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Mercury Orbit Insertion, Events and Discussion leading up to MOI
Ron Hobbs
post Mar 16 2011, 04:44 AM
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nprev,

The milestone is that every planet known to the ancients, all the classical planets, will now have been the host of an orbiter from Earth. I think this is a very significant milestone. I find it interesting that Mercury was the last of the classical planets to be explored by an orbiter.

We are nearing the end of the initial reconnaissance of the Solar System. What a time to be alive!

Ron
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Holder of the Tw...
post Mar 16 2011, 05:45 AM
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QUOTE (mchan @ Mar 15 2011, 09:54 PM) *
Agree Messenger velocity at perihelion is higher than Mercury. But...


Planet and spacecraft are both pretty close to perihelion, Mercury already overtook and briefly passed MESSENGER, and now the probe is faster and closing in.
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nprev
post Mar 16 2011, 06:11 AM
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QUOTE (Ron Hobbs @ Mar 15 2011, 08:44 PM) *
We are nearing the end of the initial reconnaissance of the Solar System. What a time to be alive!


Very true. It took us something like 200,000 years to do that for Earth alone...around 60 years to do the same for the rest of the Solar System.

We make progress of sorts. wink.gif


--------------------
A few will take this knowledge and use this power of a dream realized as a force for change, an impetus for further discovery to make less ancient dreams real.
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nprev
post Mar 16 2011, 07:43 AM
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And apologies for those who have seen this before, but Ron reminded me just how significant Messenger's impending detailed of exploration of Mercury really is in the Big Picture; here's a column I did once upon a time for Rui Borges' spacEurope blog:

http://spaceurope.blogspot.com/2008/05/map...-previsich.html


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A few will take this knowledge and use this power of a dream realized as a force for change, an impetus for further discovery to make less ancient dreams real.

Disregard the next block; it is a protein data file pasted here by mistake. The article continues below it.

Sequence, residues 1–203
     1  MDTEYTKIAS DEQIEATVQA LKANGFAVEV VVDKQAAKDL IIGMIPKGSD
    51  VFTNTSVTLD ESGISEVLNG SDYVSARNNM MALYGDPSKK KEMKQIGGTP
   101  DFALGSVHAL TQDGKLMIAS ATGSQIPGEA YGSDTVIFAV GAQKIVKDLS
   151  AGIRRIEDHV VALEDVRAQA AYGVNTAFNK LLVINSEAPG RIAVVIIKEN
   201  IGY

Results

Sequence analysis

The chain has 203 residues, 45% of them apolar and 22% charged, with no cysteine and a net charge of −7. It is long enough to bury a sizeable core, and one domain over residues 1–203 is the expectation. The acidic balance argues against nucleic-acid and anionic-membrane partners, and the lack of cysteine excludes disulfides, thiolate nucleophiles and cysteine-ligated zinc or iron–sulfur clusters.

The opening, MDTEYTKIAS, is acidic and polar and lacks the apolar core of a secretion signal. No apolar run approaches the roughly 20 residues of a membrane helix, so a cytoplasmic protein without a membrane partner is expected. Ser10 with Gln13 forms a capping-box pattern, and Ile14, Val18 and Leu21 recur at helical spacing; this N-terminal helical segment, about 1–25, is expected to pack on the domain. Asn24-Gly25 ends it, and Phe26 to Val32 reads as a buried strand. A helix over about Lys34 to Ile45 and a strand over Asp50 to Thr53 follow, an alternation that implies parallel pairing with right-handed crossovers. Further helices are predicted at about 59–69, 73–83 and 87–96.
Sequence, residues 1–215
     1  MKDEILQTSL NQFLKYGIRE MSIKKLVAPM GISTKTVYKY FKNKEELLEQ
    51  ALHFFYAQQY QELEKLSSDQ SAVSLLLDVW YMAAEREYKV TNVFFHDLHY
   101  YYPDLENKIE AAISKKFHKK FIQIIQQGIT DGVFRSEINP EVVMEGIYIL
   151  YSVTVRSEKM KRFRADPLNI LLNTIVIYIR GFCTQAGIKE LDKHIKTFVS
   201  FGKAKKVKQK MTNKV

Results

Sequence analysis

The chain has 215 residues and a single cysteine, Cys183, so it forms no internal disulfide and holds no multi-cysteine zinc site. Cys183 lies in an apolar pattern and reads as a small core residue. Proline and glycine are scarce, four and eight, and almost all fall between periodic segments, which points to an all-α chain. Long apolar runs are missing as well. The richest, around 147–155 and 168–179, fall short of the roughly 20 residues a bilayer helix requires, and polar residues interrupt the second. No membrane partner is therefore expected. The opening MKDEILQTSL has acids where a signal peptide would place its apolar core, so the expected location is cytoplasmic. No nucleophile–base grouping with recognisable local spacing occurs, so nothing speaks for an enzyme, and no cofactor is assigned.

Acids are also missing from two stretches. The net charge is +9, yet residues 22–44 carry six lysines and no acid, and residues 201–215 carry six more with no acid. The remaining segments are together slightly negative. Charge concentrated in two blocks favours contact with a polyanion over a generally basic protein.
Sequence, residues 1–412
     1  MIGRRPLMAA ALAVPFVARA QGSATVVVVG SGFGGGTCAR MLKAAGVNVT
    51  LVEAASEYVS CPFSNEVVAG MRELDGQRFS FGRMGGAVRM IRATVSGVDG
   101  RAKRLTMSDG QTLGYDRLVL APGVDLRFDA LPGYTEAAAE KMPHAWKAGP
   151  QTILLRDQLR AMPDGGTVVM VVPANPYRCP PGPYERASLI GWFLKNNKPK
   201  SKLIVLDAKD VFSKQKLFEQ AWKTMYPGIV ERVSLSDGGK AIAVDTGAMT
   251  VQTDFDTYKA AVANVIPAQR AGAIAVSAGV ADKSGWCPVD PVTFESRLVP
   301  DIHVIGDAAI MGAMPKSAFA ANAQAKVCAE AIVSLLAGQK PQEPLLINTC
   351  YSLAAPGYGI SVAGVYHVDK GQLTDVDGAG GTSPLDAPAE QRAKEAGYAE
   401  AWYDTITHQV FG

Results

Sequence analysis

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tasp
post Mar 16 2011, 12:27 PM
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nprev:

The galaxy beckons.


wink.gif
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Greg Hullender
post Mar 17 2011, 03:10 AM
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QUOTE (mchan @ Mar 15 2011, 08:54 PM) *
Agree Messenger velocity at perihelion is higher than Mercury. But, it appears to me that Messenger's orbit angular velocity is less than that of Mercury at the rendezvous. . . .Would someone who knows the astrodynamics please correct this?

Here's a way to think about it that might be helpful. Imagine three probes. Two of them in very different circular orbits (say, one with a 1-year period and another with a 2-year period) and the third probe in an elliptical orbit that just touches the inner probe's orbit at perihelion and which just touches the outer probe's orbit at aphelion.

At perihelion, probe #3 has to be moving faster than probe #1, and at aphelion, probe #3 has to be moving slower than probe #2. I assume you already know this is because probe #3 has more total energy (kinetic + potential) than probe #1 and less total energy than probe #2.

The reason that the angular velocity as perihelion is greater than the angular velocity of probe #1 is simply because at perihelion, probe #3 is moving tangent to the orbit of probe #1. It has zero radial velocity at that point; ALL of its velocity is angular for that one instant.

--Greg
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